International Ultralight Banchee

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Banchee
Role Ultralight aircraft
National origin United States
Manufacturer International Ultralight Aviation
Designer Brian Jensen, Gil Kinzie and Nick Nichols
Status Production completed
Unit cost
US$5,495[1]

The International Ultralight Banchee (also called the Banshee) is an American ultralight aircraft designed by Brian Jensen, Gil Kinzie and Nick Nichols and produced by International Ultralight Aviation. The aircraft was supplied as a kit for amateur construction.[2][3][4]

Design and development[edit]

The aircraft closely resembles the Pterodactyl Ptraveler,[1] and, like the Pterodactyl, was designed to comply with the US FAR 103 Ultralight Vehicles rules, including the category's maximum empty weight of 254 lb (115 kg). The Banchee has a standard empty weight of 251 lb (114 kg). It features a cable-braced high-wing, single-seat, open cockpit, single pusher engine configuration, and is equipped with tricycle landing gear.[2]

The aircraft is made from bolted-together aluminum tubing, with the wing covered with Dacron sailcloth. Its 34 ft (10.4 m) span wing is cable-braced from an inverted "V" kingpost, has 4° of dihedral and 15° of sweepback. The three-axis control system is unconventional,[1] with pitch controlled by an all-flying canard, yaw by wingtip rudders and roll by spoilerons,[2] all actuated by a single side-stick, the aircraft lacking rudder pedals.[1] The cockpit is an open sling seat without a windshield. The tricycle landing gear features suspension on all wheels. The Cuyuna 430R engine is mounted behind the pilot and can produce 35 hp (26 kW) at 6250 rpm.[2]

A ballistic parachute was available as an option, as was an electric starter; the company claimed that the Banchee could be rigged in 35 minutes.[1]

Accidents and incidents[edit]

On 21 May 1983 during a demonstration flight at St. George, Utah a Banchee suffered a cable swaging failure at an altitude of 50 to 60 ft (15 to 18 m) that resulted in one fatality. The US National Transportation Safety Board cited the probable causes as improper maintenance and quality assurance on the part of the manufacturer.[3] The company went out of business shortly after the accident.[2]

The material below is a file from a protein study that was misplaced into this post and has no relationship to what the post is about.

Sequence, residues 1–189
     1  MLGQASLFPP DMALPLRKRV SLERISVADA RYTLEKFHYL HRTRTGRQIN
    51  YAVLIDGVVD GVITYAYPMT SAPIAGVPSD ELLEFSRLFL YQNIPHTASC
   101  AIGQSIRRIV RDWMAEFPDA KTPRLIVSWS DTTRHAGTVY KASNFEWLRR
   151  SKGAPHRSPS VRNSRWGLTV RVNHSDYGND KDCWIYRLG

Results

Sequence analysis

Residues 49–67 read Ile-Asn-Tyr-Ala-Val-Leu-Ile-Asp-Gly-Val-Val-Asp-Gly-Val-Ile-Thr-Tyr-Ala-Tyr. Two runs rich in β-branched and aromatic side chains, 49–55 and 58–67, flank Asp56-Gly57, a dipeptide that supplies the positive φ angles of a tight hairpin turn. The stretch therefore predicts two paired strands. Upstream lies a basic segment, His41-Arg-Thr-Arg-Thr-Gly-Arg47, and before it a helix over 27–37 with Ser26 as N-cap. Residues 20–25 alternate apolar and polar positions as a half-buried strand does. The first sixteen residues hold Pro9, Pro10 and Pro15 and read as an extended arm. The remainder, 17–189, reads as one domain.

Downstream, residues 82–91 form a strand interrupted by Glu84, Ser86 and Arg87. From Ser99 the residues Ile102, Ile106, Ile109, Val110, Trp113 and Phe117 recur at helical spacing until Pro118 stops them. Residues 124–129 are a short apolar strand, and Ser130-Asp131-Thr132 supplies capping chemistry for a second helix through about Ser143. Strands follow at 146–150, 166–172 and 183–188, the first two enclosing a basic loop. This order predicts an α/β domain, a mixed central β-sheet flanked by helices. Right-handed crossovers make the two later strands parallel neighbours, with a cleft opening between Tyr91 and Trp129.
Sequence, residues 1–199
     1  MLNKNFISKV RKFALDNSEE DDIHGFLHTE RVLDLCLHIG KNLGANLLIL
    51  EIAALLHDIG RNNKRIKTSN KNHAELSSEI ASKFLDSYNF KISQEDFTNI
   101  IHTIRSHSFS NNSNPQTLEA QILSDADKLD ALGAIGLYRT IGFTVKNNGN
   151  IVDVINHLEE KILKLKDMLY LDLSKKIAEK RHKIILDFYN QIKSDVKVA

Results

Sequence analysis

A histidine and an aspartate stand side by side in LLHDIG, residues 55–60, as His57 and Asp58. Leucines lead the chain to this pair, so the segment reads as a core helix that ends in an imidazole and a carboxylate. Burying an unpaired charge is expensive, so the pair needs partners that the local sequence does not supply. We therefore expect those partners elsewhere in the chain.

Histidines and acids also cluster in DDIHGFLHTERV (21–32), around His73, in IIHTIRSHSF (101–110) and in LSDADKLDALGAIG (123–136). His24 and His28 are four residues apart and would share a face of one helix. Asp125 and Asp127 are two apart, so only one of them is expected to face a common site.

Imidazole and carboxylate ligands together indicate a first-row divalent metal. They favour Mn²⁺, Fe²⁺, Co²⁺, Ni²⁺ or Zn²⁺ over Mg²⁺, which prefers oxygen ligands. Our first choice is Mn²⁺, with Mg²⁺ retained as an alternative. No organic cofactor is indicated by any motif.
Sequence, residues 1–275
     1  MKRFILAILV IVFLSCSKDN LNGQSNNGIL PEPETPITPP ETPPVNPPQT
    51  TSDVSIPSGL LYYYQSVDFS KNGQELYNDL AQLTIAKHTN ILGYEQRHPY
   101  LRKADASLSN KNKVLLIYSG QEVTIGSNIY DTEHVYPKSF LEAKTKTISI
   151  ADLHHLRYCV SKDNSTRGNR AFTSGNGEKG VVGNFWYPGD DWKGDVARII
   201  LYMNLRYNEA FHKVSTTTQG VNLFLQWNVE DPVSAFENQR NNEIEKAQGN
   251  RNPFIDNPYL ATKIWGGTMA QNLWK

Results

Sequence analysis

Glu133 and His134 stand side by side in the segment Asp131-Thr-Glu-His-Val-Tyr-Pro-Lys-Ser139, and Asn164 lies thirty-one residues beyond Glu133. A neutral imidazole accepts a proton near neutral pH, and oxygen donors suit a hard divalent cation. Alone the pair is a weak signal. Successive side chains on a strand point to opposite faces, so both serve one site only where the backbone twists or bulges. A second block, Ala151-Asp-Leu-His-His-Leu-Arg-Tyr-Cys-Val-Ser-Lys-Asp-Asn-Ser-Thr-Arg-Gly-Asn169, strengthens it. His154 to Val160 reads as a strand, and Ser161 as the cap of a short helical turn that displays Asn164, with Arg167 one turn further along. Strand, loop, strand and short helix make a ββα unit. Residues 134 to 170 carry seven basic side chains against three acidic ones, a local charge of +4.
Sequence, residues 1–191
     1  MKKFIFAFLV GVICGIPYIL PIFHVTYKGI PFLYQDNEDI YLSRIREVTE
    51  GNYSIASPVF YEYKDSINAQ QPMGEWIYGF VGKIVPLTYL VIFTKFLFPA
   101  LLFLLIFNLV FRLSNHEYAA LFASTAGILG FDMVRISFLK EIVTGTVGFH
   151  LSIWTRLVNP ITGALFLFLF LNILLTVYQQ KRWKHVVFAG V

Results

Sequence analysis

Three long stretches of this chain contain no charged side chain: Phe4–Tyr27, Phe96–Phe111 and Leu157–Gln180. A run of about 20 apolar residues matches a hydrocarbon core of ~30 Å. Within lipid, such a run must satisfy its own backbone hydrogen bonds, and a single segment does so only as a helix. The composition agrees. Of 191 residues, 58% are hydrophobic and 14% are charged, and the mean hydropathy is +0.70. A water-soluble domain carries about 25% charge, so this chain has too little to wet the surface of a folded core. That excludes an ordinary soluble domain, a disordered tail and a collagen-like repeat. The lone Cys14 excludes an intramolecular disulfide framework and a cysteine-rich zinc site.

Specifications (Banchee)[edit]

Data from Cliche[2]

General characteristics

  • Crew: one
  • Wingspan: 34 ft 0 in (10.36 m)
  • Wing area: 170 sq ft (16 m2)
  • Aspect ratio: 6.8:1
  • Empty weight: 251 lb (114 kg)
  • Gross weight: 600 lb (272 kg)
  • Fuel capacity: 5 U.S. gallons (19 L; 4.2 imp gal)
  • Powerplant: 1 × Cuyuna 430R twin cylinder, two-stroke engine with a 2:1 belt reduction drive, 35 hp (26 kW)
  • Propellers: 2-bladed wooden, 4 ft 6 in (1.37 m) diameter

Performance

  • Maximum speed: 55 mph (89 km/h; 48 kn)
  • Cruise speed: 50 mph (43 kn; 80 km/h)
  • Stall speed: 24 mph (21 kn; 39 km/h)
  • Never exceed speed: 65 mph (56 kn; 105 km/h)
  • Range: 120 mi (104 nmi; 193 km)
  • Service ceiling: 14,500 ft (4,420 m)
  • G limits: +6/-3 (ultimate load limit)
  • Maximum glide ratio: 12:1
  • Rate of climb: 1,000 ft/min (5.1 m/s)
  • Rate of sink: 350 ft/min (1.8 m/s)
  • Wing loading: 3.5 lb/sq ft (17 kg/m2)

References[edit]

  1. ^ a b c d e Berger, Alain-Yves and Norman Burr: Berger-Burr's Ultralight and Microlight Aircraft of the World, Volume 16, page 199. Haynes Publishing Group, 1983. ISBN 0-85429-390-6
  2. ^ a b c d e f Cliche, Andre: Ultralight Aircraft Shopper's Guide 8th Edition, page E-4. Cybair Limited Publishing, 2001. ISBN 0-9680628-1-4
  3. ^ a b National Transportation Safety Board (21 May 1983). "DEN83LU001.". Retrieved 3 November 2011. 
  4. ^ Virtual Ultralight Museum (undated). "Banchee". Retrieved 28 December 2012.